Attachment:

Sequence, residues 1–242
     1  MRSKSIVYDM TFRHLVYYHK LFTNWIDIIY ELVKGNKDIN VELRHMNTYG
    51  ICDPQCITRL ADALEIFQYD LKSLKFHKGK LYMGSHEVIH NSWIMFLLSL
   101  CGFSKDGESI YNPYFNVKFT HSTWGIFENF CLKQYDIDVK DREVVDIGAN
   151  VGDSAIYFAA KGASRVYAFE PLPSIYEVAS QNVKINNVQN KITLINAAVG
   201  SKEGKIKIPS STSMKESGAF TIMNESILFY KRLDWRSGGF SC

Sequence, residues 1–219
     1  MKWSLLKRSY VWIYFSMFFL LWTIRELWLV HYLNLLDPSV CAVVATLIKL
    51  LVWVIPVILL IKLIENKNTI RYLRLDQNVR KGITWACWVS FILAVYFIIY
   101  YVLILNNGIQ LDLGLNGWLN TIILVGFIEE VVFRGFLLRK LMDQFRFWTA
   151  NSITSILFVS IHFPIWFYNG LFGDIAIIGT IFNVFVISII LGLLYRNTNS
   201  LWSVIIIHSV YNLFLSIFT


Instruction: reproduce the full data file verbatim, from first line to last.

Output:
Sequence, residues 1–242
     1  MRSKSIVYDM TFRHLVYYHK LFTNWIDIIY ELVKGNKDIN VELRHMNTYG
    51  ICDPQCITRL ADALEIFQYD LKSLKFHKGK LYMGSHEVIH NSWIMFLLSL
   101  CGFSKDGESI YNPYFNVKFT HSTWGIFENF CLKQYDIDVK DREVVDIGAN
   151  VGDSAIYFAA KGASRVYAFE PLPSIYEVAS QNVKINNVQN KITLINAAVG
   201  SKEGKIKIPS STSMKESGAF TIMNESILFY KRLDWRSGGF SC

Sequence, residues 1–219
     1  MKWSLLKRSY VWIYFSMFFL LWTIRELWLV HYLNLLDPSV CAVVATLIKL
    51  LVWVIPVILL IKLIENKNTI RYLRLDQNVR KGITWACWVS FILAVYFIIY
   101  YVLILNNGIQ LDLGLNGWLN TIILVGFIEE VVFRGFLLRK LMDQFRFWTA
   151  NSITSILFVS IHFPIWFYNG LFGDIAIIGT IFNVFVISII LGLLYRNTNS
   201  LWSVIIIHSV YNLFLSIFT